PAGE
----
Length: 2.769 km
F3 lap record: 1m11.228s (Marco Wittmann, 2011)
Circuit map: click here
Geographic position: click here
Two weeks on from the 2012 season-opener at the fast and spacious Hockenheim circuit, this weekend will provide the European Formula 3 fraternity with a very different challenge; the tight confines of Pau in southern France. Situated close to the Spanish border, this picturesque town is sometimes wrongly acknowledged to have hosted the first-ever automobile "Grand Prix" - a terminology nowadays very much associated with Formula 1 - but even though that feat is more correctly attributed to a race at Le Mans in 1906, the "Grand Prix de Pau" has still firmly established itself as one of the true classics since its inception in 1933.
Much like its Macau (F3) or Monaco (F1) siblings, the street circuit of Pau is considered to be a genuine challenge for even the most complete of drivers. The list of winners doesn't only cast light on the sheer tradition of the event - it also proves that only the best are able to fully master the gambling of racing through the city centre at over 200 km/h. World champions including Juan Manuel Fangio, Alberto Ascari, Jim Clark and Lewis Hamilton are among those to have climbed atop the Pau podium, and this weekend's races are part of the FIA European Formula 3 Championship (where Felix will be participating) and the British F3 Series.
With Armco barriers lining the entire length of the lap, the Pau circuit resembles the majority of other street venues in that it leaves absolutely minimal room for mistakes. Overtaking is almost impossible to conduct, and the only realistic spot to make up a position is under braking for Turn 1 - but even there, the risks are abundant.
Pau is also home to one of the most dramatic sequences of corners on the entire calendar; Virage Foch. With cars bouncing spectacularly as drivers use the edge of a roundabout to cut the corner on entry - and the kerb of a sidewalk to straighten it out on exit - Virage Foch requires massive dedication and an efficient suspension set-up. This part of the lap has been the scene of many accidents over the years; just ask Augusto Farfus after this World Touring Car Championship crash in 2007: http://www.youtube.com/watch?v=svHjjio1670.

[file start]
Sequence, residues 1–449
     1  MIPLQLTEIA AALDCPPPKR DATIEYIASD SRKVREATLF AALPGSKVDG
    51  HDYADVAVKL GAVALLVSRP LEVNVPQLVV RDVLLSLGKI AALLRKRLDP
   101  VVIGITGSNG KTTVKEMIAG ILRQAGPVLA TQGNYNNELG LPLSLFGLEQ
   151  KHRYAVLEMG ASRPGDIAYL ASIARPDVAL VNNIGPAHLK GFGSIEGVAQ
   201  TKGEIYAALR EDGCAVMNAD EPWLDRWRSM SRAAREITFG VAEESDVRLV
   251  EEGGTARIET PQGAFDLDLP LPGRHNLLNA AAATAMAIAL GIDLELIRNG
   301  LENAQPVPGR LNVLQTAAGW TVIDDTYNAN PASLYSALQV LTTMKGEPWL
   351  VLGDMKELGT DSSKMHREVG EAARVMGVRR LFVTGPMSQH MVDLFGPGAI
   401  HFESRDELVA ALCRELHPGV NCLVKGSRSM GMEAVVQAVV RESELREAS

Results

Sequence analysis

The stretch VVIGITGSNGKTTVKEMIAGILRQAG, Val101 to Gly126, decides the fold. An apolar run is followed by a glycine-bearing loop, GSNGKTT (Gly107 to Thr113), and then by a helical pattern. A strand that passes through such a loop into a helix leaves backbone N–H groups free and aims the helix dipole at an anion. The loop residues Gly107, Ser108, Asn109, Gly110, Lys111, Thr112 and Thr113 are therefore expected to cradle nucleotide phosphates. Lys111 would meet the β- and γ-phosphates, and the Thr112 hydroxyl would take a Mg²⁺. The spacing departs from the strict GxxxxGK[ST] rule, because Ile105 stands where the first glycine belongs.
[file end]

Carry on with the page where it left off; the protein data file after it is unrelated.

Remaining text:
Sitting scenically just north of the Pyrenees, Pau enjoys a mild, Mediterranean climate. Temperatures for the weekend are expected to fluctuate around 20-30 degrees Celsius, but there is an overhanging risk of rain on Saturday - when qualifying is scheduled to take place.
Click here for a detailed weather forecast
"It will be interesting to go to Pau for the first time this weekend - it seems to be a very special track. I've done quite a few street races by now, and it truly is one of the real sensations of single-seater racing; I just love Macau, for example. Grand Prix de Pau is a classic event, and as usual when it comes to street venues, any mistake will be twice as costly as at a regular circuit. Overtaking will be virtually impossible - more difficult than in Macau - and with 25 cars on the grid, qualifying will be vital. I always head into a race weekend with the aim of doing the best job I can, but it is difficult to know what we can expect from Pau given that we are forced to run on different tyres than we would normally do. It will definitely be a big challenge - both for myself and for the team - but certainly one that we are all looking forward to!"
Time schedule (all times local)
Friday (11 May)
Free Practice 1: 10.40-11.25
Free Practice 2: 15.30-16.15
Saturday (12 May)
Race 1: 14.25-14.55
Sunday (13 May)
Race 2: 14.00-14.40
How it works
This weekend's races count exclusively towards the FIA European Formula 3 Championship. The event is not included on the Formula 3 Euro Series calendar, but the FIA European F3 Championship drivers will be joined on-track by the full field of cars from the British F3 Series.
In order to reduce traffic on the short and winding circuit, the grid will be split into two groups for qualifying on Saturday - with each group getting just 15 minutes of track time. Race 1 will then be run over 30 minutes, and Race 2 over 40. Both events will have equal championship status, with the winner of either race receiving 25 points.
An important factor ahead of this weekend is the fact that FIA European F3 Championship drivers will have to race on tyres from the Cooper Tire company instead of the regular rubber normally delivered by Hankook. This is because Cooper Tire is the official British F3 supplier, and - with Grand Prix de Pau part of the otherwise UK-based championship - regulatory and logistic considerations mean that the FIA European F3 Championship field will have to adapt accordingly. From a pure sporting point of view, it is believed that this will hand the British F3 regulars an early advantage.
The full 2012 calendar and points system can be viewed here.
Preliminary entry list
*FIA European Formula 3 Championship
Car numbers 1-27 and 36-77 will only be eligible for points in the British Formula 3 Series.
HOW TO FOLLOW FELIX THIS WEEKEND
As always, www.felixracing.se will be fully updated throughout the weekend, with reports from each of the sessions that take place. The website is the central information hub for everything that goes on both on and off the track, and will also feature other relevant news, pictures and videos.
As this weekend's races do not count towards Formula 3 Euro Series, there will be no live TV streaming at www.f3euroseries.com. Both races, however, will be shown LIVE by dedicated international broadcaster Motors TV.
TV broadcasting times (all times local)
Saturday (12 May)
Race 1: 14.10 | Motors TV (LIVE)
Sunday (13 May)
Race 2: 13.45 | Motors TV (LIVE)
The interaction with fans and followers will principally involve Felix Racing's official Facebook Fan Page (link below), where supporters can discuss all the goings-on and post potential questions to Felix.